Hepatocellular carcinoma (HCC), a form of liver cancer, is the sixth most common cancer in the world.
“[The findings] offer a compelling treatment alternative for patients with advanced hepatocellular carcinoma, for whom there are limited treatment options available.”
- Prof Pierce Chow, Senior Consultant Surgeon, NCCS and SGH
Hepatocellular carcinoma (HCC), a form of liver cancer, is the sixth most common cancer in the world. For almost a decade, there had been no clear data on newer HCC treatments such as Y-90 resin microspheres, where tiny radioactive beads are delivered to the tumour directly.
A team of medical researchers have now verified benefits of Y-90 treatment for patients whose tumours are inoperable.
The SIRveNIB study was conducted by The Asia Pacific Hepatocellular Carcinoma Trials Group in collaboration with National Cancer Centre Singapore (NCCS) and Singapore Clinical Research Institute. I t compared Y-90 treatment to sorafenib, the current standard treatment for advanced HCC.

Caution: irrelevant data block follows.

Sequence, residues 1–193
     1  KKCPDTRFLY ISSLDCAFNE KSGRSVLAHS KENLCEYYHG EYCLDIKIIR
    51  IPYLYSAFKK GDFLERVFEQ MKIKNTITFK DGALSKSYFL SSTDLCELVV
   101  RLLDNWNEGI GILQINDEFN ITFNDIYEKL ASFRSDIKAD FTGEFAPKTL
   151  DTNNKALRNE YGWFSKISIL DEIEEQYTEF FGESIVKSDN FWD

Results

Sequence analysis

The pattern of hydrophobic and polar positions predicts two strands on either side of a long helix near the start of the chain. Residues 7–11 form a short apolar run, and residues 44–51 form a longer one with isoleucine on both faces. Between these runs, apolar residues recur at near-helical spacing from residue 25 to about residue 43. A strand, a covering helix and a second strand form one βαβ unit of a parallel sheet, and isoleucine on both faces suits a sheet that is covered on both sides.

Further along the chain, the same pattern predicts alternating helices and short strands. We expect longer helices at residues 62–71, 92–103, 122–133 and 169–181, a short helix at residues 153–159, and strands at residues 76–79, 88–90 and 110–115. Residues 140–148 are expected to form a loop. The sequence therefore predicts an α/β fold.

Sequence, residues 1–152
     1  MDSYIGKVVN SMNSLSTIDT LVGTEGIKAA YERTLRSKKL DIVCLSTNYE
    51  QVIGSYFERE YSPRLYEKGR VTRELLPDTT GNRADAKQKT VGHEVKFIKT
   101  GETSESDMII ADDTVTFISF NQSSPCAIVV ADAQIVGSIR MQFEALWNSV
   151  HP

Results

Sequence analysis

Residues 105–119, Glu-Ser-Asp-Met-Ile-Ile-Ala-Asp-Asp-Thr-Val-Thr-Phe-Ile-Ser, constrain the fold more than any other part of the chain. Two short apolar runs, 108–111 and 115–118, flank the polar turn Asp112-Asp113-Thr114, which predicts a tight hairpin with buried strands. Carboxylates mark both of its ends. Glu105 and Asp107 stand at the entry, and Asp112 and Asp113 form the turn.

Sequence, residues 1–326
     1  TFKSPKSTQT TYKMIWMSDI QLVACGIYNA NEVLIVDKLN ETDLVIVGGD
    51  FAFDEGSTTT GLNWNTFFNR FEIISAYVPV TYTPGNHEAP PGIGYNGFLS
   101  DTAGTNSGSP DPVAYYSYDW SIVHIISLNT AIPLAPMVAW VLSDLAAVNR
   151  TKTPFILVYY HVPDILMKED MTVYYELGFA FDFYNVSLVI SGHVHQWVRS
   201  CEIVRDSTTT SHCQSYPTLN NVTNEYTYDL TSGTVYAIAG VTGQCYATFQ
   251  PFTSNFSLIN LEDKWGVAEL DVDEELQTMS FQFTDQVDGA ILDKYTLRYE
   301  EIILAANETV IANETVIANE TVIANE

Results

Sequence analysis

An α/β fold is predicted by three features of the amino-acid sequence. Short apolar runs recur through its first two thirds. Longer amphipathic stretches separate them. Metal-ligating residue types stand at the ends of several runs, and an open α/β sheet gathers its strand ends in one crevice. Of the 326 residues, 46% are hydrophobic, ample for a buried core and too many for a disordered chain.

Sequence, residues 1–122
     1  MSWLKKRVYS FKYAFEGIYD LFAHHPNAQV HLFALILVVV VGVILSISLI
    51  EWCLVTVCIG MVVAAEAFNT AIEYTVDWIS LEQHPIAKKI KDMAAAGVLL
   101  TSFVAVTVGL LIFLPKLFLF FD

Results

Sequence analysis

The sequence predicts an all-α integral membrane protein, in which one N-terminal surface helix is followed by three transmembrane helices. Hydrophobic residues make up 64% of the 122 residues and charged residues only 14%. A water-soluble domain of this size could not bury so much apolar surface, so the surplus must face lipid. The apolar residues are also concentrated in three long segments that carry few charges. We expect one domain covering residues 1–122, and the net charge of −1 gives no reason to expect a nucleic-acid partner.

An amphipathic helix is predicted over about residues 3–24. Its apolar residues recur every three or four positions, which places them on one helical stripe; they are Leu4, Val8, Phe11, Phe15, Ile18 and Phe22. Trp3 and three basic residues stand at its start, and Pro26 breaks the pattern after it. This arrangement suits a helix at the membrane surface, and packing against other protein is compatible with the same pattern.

The researchers found that patients who were treated with Y-90 experienced fewer and less severe adverse events than those treated with sorafenib. More of the former also had their tumours shrink after completing treatment.
360 patients from 11 places in Asia Pacific were recruited. It was the first time such a large-scale clinical trial was conducted in the region, where HCC is prevalent.
Professor Pierce Chow, Senior Consultant Surgeon at NCCS and Singapore General Hospital and lead author of the study’s abstract, said, “The better tumour response and tolerability of Y-90 resin microspheres offers a compelling treatment alternative for patients with advanced HCC, for whom there are limited treatment options available.”
The study is supported by the national medical Council Singapore (NMRC) and Sirtex Medical Limited. Its abstract was published online in the Journal of Clinical Oncology and was presented at the American Society of Clinical Oncology Annual Meeting in Chicago, 4 June 2017.